Crowdmap: Real-Time Crisis Info Service
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A crowdsourced website which was initially developed to keep track of post-election violence in Kenya and has since became a critical tool for keeping track of crises as they emerge has been rebranded and relaunched in order to broaden its use and availability worldwide. Initially called Ushahidi, meaning “testimony” in Swahili,¬† Crowdmap takes reports submitted via the web and mobile phone and visualises this information in real-time onto¬† maps of the affected areas. Speaking to The Guardian about the initial naming of this tool, Erik Hersman said:
We cared about the micro game. If we cared about the macro game, we wouldn’t have chosen the name Ushahidi! The feeling was that we needed to get this out there, even if it wasn’t perfect. We launched it on the Monday after a weekend of work, thinking it’s got to be better than nothing.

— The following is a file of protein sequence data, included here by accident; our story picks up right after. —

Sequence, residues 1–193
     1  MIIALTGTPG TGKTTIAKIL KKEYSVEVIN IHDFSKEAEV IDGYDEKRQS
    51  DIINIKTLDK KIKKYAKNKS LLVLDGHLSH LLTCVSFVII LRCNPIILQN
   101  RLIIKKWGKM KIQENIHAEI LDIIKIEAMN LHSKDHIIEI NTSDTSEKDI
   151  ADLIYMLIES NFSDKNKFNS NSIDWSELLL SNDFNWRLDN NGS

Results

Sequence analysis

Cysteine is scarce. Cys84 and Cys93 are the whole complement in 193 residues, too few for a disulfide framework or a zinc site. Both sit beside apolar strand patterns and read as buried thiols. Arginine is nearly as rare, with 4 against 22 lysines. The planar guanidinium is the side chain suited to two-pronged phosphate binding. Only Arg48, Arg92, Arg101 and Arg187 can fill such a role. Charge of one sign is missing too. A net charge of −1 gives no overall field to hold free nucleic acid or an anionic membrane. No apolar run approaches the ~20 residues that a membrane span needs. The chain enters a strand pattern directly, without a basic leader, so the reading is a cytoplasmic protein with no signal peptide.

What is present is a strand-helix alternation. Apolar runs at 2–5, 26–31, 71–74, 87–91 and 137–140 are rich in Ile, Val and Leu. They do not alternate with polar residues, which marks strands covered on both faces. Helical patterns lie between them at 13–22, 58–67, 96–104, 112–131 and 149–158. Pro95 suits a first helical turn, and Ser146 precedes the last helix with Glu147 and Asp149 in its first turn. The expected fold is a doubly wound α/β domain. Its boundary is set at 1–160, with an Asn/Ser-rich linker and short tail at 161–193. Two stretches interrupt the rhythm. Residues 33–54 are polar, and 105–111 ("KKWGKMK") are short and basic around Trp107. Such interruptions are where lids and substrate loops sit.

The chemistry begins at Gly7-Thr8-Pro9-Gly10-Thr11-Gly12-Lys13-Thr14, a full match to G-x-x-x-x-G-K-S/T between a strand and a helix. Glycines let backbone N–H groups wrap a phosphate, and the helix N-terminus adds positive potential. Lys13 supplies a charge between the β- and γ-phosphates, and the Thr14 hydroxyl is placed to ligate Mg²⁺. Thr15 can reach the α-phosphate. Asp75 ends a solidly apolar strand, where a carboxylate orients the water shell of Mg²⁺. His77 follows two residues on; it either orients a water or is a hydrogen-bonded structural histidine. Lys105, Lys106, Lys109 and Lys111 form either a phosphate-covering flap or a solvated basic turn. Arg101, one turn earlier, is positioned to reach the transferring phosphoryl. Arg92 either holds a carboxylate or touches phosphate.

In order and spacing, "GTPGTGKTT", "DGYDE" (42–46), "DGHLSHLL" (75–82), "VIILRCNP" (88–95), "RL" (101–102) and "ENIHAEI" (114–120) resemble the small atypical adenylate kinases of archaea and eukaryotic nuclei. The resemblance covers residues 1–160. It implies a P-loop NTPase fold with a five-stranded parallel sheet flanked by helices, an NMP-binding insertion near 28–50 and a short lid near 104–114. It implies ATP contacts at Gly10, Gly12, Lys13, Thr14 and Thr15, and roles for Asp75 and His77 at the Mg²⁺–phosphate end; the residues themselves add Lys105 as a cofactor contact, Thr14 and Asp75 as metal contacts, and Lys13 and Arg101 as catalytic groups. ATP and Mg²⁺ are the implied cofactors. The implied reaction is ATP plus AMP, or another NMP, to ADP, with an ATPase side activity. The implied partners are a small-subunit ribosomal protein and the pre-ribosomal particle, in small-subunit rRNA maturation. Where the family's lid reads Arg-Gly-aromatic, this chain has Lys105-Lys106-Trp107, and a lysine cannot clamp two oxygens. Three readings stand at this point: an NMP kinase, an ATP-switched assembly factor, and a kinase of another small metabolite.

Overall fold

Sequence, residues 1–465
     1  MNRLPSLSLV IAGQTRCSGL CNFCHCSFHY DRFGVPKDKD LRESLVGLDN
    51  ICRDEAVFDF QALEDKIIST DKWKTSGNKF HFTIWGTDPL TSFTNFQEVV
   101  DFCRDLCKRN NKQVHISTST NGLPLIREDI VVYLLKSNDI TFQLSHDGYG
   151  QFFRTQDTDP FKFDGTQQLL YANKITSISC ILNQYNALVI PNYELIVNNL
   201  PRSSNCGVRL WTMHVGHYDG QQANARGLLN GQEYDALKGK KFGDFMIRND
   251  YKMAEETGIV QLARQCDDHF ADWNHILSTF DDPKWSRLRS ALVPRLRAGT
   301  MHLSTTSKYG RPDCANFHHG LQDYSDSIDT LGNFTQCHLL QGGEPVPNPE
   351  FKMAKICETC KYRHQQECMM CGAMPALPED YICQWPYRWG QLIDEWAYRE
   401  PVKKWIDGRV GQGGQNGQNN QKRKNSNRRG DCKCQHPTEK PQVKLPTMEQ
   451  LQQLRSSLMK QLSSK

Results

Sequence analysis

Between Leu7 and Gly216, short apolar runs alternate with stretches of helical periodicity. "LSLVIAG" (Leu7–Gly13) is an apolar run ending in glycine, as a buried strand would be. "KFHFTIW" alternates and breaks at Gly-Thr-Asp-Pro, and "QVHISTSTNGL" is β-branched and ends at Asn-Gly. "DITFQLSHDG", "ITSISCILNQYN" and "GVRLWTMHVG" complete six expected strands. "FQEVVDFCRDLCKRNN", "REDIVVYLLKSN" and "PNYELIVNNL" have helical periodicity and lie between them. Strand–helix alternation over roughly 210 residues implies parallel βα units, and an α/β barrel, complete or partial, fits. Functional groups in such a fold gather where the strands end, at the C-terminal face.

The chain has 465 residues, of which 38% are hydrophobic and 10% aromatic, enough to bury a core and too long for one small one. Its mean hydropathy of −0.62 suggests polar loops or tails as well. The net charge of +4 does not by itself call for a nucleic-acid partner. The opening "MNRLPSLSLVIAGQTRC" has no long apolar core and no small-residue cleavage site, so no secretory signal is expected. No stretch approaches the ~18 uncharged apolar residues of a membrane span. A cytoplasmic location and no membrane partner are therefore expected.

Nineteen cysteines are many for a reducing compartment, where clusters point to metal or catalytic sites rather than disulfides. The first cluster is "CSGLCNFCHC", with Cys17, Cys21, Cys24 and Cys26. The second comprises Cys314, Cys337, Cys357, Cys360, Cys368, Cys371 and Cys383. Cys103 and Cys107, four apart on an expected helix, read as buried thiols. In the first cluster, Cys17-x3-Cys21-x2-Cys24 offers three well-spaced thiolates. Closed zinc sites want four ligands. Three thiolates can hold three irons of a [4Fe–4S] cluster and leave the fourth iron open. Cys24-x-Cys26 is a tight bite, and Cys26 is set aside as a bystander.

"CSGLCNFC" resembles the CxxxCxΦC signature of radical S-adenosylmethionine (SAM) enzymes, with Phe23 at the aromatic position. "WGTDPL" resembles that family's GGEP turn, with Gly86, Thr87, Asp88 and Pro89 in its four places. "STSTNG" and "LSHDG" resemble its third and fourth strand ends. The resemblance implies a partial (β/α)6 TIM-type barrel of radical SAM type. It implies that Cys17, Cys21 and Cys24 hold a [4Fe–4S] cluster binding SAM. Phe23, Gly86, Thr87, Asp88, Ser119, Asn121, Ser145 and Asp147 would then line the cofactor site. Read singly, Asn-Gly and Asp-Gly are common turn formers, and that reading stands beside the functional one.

Since it’s initial launch, Ushahidi has been used to keep track of the Deepwater Horizon oil spill, the post-earthquake crisis response and recovery efforts in Haiti, violence in Gaza among many other uses and locations. Crowdmap is currently in its Beta phase and in addition to its original use as a crowdsourced crisis monitoring tool its is also highlighting its uses for learning¬† general information about local areas and businesses as well as how to survive an invasion of zombies: